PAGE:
"Oakboys," Society of the, 345 O'Brian, Prince of Thomond, 90 O'Brien, race of, 60 O'Brien, Smith, 391 O'Brien, the Fenian, 406 O'Byrnes, 128 O'Carrol of Argial, 91 O'Connell, Daniel, makes his first speech, 379; his energy, 379; sets on foot the Irish Catholic Association, 379; carries Catholic rent, 380; contests the county of Clare, 381; his character, 382; his efforts to procure repeal, 385; his enmity to secret societies, 385; founds the Loyal National Repeal Association, 386; his prosecution, 387; found guilty and imprisoned, 387; his last appearance and death, 389 O'Connell, John, 391 O'Connor, Roderick, the Ard-Reagh, 75, 84-91 O'Connors of Connaught, 74 Octennial Bill, the, 325 O'Curry, 53 O'Dogherty, Sir John, 198 O'Donnell, Calvagh, 167 O'Donnell, of Tyrconnel, 167 O'Donnell, Hugh, or Red Hugh, 200. O'Donnell, murder of Carey, 412 O'Donnell, Rory, 221 O'Donovans, 63 O'Driscoll's piratical clan of West Cork, 27 O'Dynor, Dermot, or Dermot of the Bright Face, 17 O'Flaherty, Edmund, 403 Oilen-an-Oir, or Gold Island, 185 Ollamhs or Sennachies, head bards, 19 O'Lochlin of House of O'Neill, 74 O'Moore, Rory or Roger, 241 O'Neill, Owen, 248 O'Neill, Shane, called the Proud, 165; his character, 166; his eloquence, habits, and morals, 166; his encounter with Sussex, 167; his visit to the English Court, 168; receives title of Captain of Tyrone, 169; returns to Ireland, 169; Sussex attempt to poison him, 169; his descent on the Scots, 170, and on Connaught, 170; his last disaster and death, 172, 173 O'Neill, Sir Phelim, 241 O'Neills, or Hy-Nials, 60-74 Orange Lodges, institution of, 345 O'Reilly of Brefny, 167 O'Rorke, chieftain of Connaught, 91 O'Rorke of Brefny, chieftain of Leinster, 91 Ormond, house of, 105-128 Ossian, poet and bard, 11-35 Ossory, clan of, 84 Oswald, King of Northumbria, 44 Oswin, King of Northumbria, 46 O'Toole, Garrot, 191 O'Toole, St. Lawrence, Archbishop of Dublin, 86 Oulart, hill of, 362 Owel, Lough, near Mullingar, 55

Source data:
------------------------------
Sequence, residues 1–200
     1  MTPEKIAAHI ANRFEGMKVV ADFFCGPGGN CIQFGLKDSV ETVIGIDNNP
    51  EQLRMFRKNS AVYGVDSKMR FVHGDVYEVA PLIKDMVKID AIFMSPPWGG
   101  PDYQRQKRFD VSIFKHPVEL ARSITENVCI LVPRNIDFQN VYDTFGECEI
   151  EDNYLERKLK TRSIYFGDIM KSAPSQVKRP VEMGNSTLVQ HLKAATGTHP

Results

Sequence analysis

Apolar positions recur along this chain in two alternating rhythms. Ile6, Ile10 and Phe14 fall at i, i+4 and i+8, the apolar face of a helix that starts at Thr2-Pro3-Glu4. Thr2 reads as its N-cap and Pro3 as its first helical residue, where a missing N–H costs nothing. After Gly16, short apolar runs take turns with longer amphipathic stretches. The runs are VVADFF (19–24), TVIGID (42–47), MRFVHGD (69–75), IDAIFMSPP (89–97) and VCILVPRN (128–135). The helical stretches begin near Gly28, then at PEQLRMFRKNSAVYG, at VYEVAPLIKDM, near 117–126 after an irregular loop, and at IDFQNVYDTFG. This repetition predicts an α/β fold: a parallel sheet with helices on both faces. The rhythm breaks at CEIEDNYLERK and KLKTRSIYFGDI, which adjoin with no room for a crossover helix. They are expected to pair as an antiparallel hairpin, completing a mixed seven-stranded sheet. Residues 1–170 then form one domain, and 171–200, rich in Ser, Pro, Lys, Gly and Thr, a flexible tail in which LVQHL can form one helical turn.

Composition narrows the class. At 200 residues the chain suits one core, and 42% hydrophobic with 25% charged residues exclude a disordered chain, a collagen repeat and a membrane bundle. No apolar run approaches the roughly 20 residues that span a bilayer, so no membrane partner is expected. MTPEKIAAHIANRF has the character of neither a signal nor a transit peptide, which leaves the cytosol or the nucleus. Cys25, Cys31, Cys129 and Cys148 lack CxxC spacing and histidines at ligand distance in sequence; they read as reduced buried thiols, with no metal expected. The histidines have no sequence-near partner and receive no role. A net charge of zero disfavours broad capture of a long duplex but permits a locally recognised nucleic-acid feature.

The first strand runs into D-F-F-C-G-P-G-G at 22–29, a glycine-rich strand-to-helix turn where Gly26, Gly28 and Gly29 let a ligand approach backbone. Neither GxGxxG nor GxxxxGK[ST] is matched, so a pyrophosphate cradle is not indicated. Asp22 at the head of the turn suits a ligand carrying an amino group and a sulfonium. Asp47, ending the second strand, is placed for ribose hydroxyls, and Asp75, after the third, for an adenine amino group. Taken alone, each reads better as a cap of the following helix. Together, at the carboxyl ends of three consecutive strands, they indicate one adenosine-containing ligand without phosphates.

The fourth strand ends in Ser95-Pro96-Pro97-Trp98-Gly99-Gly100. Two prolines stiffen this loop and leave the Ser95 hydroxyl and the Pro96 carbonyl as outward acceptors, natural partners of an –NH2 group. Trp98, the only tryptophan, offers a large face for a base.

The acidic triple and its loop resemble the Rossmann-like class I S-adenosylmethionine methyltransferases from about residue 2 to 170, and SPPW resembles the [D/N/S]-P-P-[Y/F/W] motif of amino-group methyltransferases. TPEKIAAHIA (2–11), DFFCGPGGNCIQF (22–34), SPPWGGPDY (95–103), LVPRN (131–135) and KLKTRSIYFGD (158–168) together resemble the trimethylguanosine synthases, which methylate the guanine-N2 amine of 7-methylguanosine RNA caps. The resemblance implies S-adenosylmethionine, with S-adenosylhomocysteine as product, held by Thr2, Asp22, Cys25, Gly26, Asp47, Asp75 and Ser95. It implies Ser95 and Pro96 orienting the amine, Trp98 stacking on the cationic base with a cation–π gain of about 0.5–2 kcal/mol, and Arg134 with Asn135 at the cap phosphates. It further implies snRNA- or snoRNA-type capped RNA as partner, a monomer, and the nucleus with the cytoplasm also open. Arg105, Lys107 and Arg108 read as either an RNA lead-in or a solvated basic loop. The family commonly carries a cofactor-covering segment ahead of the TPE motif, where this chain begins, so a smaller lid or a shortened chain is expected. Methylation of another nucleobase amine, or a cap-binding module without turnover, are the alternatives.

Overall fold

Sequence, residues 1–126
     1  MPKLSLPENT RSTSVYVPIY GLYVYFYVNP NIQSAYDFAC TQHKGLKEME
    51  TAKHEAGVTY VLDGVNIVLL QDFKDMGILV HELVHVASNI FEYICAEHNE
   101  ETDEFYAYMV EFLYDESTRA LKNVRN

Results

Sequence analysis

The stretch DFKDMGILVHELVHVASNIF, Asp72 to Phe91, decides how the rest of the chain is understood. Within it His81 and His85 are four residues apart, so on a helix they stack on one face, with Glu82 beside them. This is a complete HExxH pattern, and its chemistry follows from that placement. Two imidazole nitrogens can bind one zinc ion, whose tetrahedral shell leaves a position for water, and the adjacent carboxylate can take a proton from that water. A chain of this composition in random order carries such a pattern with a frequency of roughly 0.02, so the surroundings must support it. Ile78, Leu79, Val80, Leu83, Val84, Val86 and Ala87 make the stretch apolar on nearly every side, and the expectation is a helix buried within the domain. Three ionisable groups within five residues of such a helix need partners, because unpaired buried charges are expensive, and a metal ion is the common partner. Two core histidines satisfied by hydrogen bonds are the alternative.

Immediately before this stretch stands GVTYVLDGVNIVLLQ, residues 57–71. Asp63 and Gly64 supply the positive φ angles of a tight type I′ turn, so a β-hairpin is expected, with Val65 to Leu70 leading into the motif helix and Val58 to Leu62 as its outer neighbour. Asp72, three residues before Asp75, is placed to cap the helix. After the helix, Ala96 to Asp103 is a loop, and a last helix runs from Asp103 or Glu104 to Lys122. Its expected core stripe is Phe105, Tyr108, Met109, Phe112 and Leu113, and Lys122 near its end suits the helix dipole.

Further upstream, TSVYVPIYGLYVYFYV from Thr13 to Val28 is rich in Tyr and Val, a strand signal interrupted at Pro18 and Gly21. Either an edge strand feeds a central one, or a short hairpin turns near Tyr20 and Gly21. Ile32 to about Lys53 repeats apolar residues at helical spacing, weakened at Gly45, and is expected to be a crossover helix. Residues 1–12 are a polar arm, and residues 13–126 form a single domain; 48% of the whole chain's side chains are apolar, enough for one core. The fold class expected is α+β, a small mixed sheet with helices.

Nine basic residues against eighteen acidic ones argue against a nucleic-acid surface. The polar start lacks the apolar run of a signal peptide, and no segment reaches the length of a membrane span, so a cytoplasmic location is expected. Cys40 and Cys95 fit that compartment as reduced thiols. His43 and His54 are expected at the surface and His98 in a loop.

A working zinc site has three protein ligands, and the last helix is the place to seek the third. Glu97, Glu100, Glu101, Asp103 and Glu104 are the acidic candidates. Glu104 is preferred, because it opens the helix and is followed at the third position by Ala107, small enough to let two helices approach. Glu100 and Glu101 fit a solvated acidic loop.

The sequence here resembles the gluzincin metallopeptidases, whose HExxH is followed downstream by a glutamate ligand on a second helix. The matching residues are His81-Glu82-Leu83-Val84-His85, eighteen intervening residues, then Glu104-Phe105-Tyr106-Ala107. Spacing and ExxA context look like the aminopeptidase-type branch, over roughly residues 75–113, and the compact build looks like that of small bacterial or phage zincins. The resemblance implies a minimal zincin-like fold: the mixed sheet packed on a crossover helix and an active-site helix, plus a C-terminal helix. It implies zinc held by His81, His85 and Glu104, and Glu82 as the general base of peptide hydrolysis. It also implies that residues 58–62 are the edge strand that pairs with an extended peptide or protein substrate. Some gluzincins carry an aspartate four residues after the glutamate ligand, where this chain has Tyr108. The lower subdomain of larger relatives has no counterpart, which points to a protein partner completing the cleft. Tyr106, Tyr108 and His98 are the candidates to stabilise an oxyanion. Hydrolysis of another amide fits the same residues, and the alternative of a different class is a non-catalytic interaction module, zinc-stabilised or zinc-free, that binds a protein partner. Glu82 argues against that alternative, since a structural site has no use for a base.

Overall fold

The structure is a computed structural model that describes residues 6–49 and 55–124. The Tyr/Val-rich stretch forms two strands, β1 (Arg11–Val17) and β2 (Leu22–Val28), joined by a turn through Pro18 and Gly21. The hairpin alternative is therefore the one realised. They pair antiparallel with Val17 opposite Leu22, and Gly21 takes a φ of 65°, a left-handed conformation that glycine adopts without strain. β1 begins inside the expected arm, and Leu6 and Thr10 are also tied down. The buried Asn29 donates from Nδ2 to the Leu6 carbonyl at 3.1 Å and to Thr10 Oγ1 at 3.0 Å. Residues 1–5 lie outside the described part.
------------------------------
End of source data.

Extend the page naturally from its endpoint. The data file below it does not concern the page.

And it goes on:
Paladius, missionary, 33 Parnell, Mr., 411 Parnell, Sir John, 371 Parsons, Sir William, 242 Patrick (Saint), his birth, 33; lands in Ireland, 33; visits to Meath and to Connaught, Antrim, and Armagh, 34; legends of, by Mr. Aubrey de Vere, 35 "Peep of Day Boys," Society of, 345 Pelham, Sir William, Lord-deputy, 188 Penal Code, the, 300 Perkin Warbeck, 136, 137 Perrot, Sir John, I76-179 Peter's Pence, collection of, 79 Petrie, George, LL.D., 7 Petty, Sir William, his survey of Ireland, 271 Philip II., King of Spain, 183 Phoenix organization, 404 Phoenix Park tragedy, 411 Picts, 53 Pierce, Captain, 173 Plunkett, Dr., Archbishop of Dublin, 279 Portland, Duke of, 350 Poynings' Act, 138 Poynings' Act repealed, 287 Poynings, Sir Edward, 140 Preston, Colonel, 249 Protection of Life and Property Bill, 409